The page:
Patrick Luciani: Cancel culture is a two-way street

Activists on college campuses and in academia who support Hamas are now starting to feel the backlash
Palestinian supporters gather for a protest at Columbia University, Thursday, Oct. 12, 2023, in New York. Yuki Iwamura/AP Photo.

In the latest Hub book review Patrick Luciani unpacks The Canceling of the American Mind by Gregg Lukianoff and Rikki Schlott (Simon & Schuster, 2023) and provides his reflections on the state of university and college campuses today.

In a recent Harvard CAPS/ Harris poll, 84 percent of Americans sided more with Israel in the war with Hamas. When broken down by age, those between 18 and 24, 51 percent said historical Palestinian grievances justified the killings. Why the broad support for Hamas’s indiscriminate, murderous rampage by a cohort that only yesterday ran for cover at the slightest psychological trigger warning? 

The first clue came in Allan Bloom’s 1987 best-selling book, The Closing of the American Mind. Where once the role of teachers was to protect students in their charge from the “deforming forces of convention and prejudice,” students are now left to their own devices to see and judge the world as they please. According to Bloom, educating the young is made all the more difficult when students come to university with two well-fortified beliefs: that truth is relative and that equality, however vaguely conceived, trumps all. 

Seeing the world from that perspective, students hold that the real danger is someone without these fixed ideas that lead to wars, slavery, xenophobia, racism, and sexism. Students with this mindset argue against the very notion that historical mistakes can be corrected unless their perception of reality underpins them. 

What bothered Bloom was that these beliefs weren’t arrived at with an understanding of history or enlightened thought; they just appeared without any doubt that they could be wrong. The problem is further compounded by a university administration tolerating and indulging their belief system. Rather than think hard about Bloom’s warning that little good can come from this pandering, we’ve reached the point where teaching and education are no longer the prime roles of higher learning but rather are accommodations.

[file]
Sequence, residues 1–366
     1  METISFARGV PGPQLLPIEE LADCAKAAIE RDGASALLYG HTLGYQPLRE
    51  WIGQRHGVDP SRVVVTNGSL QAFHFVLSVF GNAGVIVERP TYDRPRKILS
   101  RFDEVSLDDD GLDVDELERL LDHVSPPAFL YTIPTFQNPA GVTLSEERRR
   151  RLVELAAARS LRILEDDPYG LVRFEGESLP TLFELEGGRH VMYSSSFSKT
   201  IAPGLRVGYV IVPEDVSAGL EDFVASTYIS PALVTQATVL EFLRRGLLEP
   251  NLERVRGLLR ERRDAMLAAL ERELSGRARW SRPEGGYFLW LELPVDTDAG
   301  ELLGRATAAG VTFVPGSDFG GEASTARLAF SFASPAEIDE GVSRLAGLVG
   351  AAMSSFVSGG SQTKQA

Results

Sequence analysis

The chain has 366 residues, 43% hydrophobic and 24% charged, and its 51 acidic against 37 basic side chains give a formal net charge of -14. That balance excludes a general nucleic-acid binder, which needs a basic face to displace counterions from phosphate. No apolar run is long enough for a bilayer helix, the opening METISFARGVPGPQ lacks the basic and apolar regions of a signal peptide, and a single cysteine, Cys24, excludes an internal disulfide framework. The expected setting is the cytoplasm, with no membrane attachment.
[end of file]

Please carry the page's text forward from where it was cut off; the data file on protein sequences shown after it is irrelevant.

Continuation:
Almost thirty years later, and honouring Allan Bloom’s foresight, Jonathon Haidt and Greg Lukianoff wrote The Coddling of the American Mind, reinforcing the problems Bloom articulated in the 80s. Not only have students come to class with preconceived ideas of truth, justice and fairness, but by the time they graduate, they’ve deepened those ideas with three untruths: that what doesn’t kill you will make you weaker, that feelings are superior to evidence and science, and that the real battle is between good people and evil people. Haidt and Lukianoff have exposed that elite schools—and here I include those in Canada as well—have become breeding grounds for what they euphemistically call “unhelpful worldviews.” 

The last book in the American Mind triptych is the recently published The Canceling of the American Mind, by Greg Lukianoff and Rikki Schlott, who follow the logical progression and conclusion of the first two books: that free speech and open minds are a danger to be avoided at all costs. Added to the three untruths listed above is the fourth, “that only bad people have bad opinions,” with the apparent conclusion that all ideas mustn’t be engaged with tolerance, respect, or debate. 

Too many students, particularly in the humanities, social sciences, and the arts, believe history and the ancients have little to teach them. Instead, they turn to radical thinkers such as Frantz Fanon and Herbert Marcuse, once darlings of the 60s and 70s radical movements popular in political theory classes. 

Fanon glorifies the attributes of supreme violence against colonial oppressors by the oppressed as the only way to cleanse and retrieve their dignity. He writes, “Life for the native can only spring up again out of the rotting corpse of the settler.” At the same time, Marcuse teaches that free speech is too precious a gift that only the righteous can exercise while denying it to those who think otherwise. He is the inspiration for “canceling” anyone following the principle that evil thoughts come only from bad people. 

Lukianoff and Schlott trace the rise of cancel culture from 2014 when canceling appeared uncontrolled in academia, the media, and the sciences if anyone put a political foot wrong, all supercharged by easy access to social media. Academic cancellations in the U.S. now outnumber professors fired during the red scare in the McCarthy years.  

But something has changed since October 7. Student reaction, mainly from elite schools throughout the U.S. and Canada, was shocking enough, but the collective reluctance of their administrators to identify real evil is worse. Part of the answer was fear of committing themselves and watching how the political winds blew. They were trapped in revising their anodyne statements as the opprobrium flowed in. 

But it may be too late. The backlash has already started at Ivy League Schools as donors demur and elite Canadian schools feel the pushback. Some law firms have threatened not to hire Toronto Metropolitan University Law School graduates after 74 students posted a letter supporting Hamas. Schools will also suffer the consequences as their alumni close their wallets. Schools of higher education have quickly discovered that cancel culture is a two-way street. 

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